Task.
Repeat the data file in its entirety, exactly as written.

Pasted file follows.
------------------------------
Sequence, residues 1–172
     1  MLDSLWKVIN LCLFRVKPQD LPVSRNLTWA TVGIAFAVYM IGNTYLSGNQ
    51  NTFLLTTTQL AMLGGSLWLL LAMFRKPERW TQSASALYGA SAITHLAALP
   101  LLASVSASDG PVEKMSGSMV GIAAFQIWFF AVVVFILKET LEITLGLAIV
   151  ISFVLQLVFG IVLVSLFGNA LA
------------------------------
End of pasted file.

Sequence, residues 1–172
     1  MLDSLWKVIN LCLFRVKPQD LPVSRNLTWA TVGIAFAVYM IGNTYLSGNQ
    51  NTFLLTTTQL AMLGGSLWLL LAMFRKPERW TQSASALYGA SAITHLAALP
   101  LLASVSASDG PVEKMSGSMV GIAAFQIWFF AVVVFILKET LEITLGLAIV
   151  ISFVLQLVFG IVLVSLFGNA LA